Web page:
Hereditary hemochromatosis results in decreased iron acquisition and growth by Mycobacterium tuberculosis within human macrophages

Oyebode Olakanmi, Larry S. Schlesinger, Bradley E. Britigan

Research output: Contribution to journalArticlepeer-review

77 Scopus citations


Iron (Fe) acquisition is essential for the growth of intracellular Mycobacterium tuberculosis (M.tb). How this occurs is poorly understood. Hereditary hemochromatosis is an inherited disease in which most cells become overloaded with Fe. However, hereditary hemochromatosis macrophages have lower than normal levels of intracellular Fe. This suggests M.tb growth should be slower in those cells if macrophage intracellular Fe is used by M.tb. Therefore, we compared trafficking and acquisition of transferrin (Tf)- and lactoferrin (Lf)-chelated Fe by M.tb within the phagosome of monocyte-derived macrophages (MDM) from healthy controls and subjects with hereditary hemochromatosis. M.tb in both sets of macrophages acquired more Fe from Lf than Tf. Fe acquisition by M.tb within hereditary hemochromatosis macrophages was decreased by 84% from Tf and 92% from Lf relative to that in healthy control macrophages. There was no difference in Fe acquired from Tf and Lf by the two macrophage phenotypes. Both acquired 3 times more Fe from Lf than Tf. M.tb infection and incubation with interferon gamma (IFN-γ) reduced macrophage Fe acquisition by 20% and 50%, respectively. Both Tf and Lf colocalized with M.tb phagosomes to a similar extent, independent of macrophage phenotype. M.tb growth was 50% less in hereditary hemochromatosis macrophages. M.tb growing within macrophages from subjects with hereditary hemochromatosis acquire less Fe compared with healthy controls. This is associated with reduced growth of M.tb. These data support a role for macrophage intracellular Fe as a source for M.tb growth.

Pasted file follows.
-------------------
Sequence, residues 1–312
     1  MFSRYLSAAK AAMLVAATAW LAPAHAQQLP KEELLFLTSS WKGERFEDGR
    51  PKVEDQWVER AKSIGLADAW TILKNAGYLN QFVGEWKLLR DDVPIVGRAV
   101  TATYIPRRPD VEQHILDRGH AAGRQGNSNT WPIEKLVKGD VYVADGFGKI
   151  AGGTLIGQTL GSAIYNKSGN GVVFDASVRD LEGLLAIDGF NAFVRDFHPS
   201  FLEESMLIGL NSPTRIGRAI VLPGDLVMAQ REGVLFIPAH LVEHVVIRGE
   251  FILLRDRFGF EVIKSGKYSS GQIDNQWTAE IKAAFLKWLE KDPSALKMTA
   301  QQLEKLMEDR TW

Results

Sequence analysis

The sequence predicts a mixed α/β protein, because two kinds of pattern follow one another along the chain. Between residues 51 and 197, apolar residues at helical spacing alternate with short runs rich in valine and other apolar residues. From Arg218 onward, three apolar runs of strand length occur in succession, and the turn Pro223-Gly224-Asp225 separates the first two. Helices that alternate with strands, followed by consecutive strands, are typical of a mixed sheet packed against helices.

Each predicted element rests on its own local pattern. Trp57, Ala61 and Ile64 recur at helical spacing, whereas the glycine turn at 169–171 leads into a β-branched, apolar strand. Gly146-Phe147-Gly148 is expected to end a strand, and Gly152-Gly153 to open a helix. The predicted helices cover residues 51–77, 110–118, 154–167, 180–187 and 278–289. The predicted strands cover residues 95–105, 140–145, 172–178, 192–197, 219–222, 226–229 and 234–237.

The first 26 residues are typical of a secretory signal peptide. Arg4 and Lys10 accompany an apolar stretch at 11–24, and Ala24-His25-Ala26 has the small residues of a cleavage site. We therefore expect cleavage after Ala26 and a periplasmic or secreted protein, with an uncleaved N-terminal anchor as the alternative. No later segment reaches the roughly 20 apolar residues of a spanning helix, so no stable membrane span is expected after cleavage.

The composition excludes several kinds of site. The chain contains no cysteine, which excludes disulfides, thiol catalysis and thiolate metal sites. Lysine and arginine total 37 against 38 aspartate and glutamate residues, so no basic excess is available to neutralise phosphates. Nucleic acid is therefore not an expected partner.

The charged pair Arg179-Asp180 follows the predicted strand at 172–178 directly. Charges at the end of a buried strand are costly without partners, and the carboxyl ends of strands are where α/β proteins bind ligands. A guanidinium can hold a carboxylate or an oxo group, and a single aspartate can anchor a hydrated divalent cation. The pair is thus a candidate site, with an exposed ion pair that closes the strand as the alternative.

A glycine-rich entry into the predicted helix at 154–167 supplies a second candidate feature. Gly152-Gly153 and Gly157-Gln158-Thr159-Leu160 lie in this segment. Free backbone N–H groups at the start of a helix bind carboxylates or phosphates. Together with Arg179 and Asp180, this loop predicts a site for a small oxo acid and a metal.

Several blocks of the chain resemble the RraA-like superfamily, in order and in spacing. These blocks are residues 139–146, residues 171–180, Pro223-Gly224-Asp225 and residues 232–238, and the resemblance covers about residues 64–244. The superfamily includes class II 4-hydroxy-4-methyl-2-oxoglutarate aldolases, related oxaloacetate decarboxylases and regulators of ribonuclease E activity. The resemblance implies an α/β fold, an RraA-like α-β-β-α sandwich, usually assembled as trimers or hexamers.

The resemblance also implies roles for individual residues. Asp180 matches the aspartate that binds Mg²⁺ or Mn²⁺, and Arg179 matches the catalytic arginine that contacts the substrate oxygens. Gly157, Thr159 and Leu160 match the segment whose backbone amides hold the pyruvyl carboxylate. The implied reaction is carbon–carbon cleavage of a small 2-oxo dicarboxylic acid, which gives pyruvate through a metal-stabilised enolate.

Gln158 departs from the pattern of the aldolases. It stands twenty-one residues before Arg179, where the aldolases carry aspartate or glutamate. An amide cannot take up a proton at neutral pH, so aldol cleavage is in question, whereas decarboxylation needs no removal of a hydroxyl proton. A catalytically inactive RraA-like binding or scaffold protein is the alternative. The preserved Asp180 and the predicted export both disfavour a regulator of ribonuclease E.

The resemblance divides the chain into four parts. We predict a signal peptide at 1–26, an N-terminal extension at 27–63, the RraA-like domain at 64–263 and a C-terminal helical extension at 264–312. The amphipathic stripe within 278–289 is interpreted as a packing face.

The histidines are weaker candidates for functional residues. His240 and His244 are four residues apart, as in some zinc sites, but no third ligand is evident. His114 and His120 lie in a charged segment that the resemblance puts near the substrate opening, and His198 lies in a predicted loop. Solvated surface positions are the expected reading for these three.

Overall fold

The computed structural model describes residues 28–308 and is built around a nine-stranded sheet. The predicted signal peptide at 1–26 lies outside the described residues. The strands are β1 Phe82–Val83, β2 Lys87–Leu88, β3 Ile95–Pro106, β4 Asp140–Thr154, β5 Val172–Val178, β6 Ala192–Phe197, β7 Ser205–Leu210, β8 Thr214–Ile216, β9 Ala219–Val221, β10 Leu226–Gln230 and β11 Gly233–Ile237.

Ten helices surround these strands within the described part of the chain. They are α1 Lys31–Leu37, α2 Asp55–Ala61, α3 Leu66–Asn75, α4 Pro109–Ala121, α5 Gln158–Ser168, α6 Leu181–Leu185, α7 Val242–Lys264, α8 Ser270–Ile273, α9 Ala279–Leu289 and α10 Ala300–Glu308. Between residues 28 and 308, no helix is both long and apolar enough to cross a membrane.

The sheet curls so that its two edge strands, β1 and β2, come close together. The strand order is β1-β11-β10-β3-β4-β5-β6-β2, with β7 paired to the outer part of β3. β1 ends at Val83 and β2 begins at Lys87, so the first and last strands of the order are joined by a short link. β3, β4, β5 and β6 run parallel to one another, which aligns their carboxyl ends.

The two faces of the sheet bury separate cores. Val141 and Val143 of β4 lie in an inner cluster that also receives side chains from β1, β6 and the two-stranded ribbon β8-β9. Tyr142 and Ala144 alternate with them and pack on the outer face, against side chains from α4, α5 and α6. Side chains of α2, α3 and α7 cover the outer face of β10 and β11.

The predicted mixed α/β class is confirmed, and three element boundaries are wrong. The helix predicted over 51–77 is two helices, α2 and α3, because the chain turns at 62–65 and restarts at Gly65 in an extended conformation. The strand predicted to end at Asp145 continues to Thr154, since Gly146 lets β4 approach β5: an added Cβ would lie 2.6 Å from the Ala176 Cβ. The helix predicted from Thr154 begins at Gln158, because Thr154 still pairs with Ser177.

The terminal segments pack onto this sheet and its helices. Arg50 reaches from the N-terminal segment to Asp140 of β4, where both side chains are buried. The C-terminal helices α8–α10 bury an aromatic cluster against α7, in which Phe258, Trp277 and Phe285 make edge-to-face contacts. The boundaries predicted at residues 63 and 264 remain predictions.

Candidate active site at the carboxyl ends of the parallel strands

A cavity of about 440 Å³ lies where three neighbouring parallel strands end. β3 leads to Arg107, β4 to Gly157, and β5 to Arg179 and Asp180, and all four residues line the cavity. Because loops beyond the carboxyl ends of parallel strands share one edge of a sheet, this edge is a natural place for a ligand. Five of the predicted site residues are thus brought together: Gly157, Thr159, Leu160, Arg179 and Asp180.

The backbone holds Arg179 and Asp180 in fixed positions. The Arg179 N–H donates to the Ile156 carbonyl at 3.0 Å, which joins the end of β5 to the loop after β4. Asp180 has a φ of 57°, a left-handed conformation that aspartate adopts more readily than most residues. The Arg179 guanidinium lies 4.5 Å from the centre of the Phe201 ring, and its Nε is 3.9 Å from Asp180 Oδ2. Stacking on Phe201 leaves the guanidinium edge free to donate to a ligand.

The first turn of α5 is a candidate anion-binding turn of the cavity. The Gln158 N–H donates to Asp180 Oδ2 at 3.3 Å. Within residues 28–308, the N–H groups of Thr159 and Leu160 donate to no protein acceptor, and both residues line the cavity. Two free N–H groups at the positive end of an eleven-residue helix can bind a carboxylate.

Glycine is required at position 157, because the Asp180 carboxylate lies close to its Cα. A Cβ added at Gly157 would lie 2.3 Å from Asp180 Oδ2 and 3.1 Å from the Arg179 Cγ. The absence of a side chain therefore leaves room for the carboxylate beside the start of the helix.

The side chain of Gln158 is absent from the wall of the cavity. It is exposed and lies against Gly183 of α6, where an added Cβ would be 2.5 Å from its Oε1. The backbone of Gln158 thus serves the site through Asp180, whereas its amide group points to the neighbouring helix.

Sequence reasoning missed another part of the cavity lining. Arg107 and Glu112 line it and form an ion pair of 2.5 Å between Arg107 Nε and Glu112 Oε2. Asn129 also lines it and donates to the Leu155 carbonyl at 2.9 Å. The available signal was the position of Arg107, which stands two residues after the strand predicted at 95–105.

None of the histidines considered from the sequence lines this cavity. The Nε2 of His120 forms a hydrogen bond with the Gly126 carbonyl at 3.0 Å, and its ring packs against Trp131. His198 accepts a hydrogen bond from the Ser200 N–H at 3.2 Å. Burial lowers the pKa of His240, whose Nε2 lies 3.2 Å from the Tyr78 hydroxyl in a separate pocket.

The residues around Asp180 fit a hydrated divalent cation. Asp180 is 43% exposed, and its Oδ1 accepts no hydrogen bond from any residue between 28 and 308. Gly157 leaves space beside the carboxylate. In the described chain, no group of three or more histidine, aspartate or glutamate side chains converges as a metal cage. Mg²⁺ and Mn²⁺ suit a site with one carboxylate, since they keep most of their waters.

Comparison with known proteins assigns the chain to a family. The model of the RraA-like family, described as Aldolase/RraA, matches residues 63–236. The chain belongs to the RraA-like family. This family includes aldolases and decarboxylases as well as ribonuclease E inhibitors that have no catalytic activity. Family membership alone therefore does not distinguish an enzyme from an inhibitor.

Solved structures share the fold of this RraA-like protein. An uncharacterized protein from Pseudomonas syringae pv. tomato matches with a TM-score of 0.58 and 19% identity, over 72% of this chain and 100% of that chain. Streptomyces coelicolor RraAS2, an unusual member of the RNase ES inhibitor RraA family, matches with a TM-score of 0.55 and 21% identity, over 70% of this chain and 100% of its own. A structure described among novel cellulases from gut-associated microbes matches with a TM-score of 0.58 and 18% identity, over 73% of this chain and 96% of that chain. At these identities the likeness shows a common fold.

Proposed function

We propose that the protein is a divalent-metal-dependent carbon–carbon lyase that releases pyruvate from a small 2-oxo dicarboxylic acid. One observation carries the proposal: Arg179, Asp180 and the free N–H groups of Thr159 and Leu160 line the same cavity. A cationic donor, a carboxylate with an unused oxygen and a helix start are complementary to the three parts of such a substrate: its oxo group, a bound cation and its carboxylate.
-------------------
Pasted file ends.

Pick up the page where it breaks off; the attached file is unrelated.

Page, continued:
Original languageEnglish (US)
Pages (from-to)195-204
Number of pages10
JournalJournal of Leukocyte Biology
Issue number1
StatePublished - Jan 2007
Externally publishedYes


  • Cell trafficking
  • Inflammation
  • Interferon
  • Lactoferrin
  • Transferrin

ASJC Scopus subject areas

  • Immunology and Allergy
  • Immunology
  • Cell Biology


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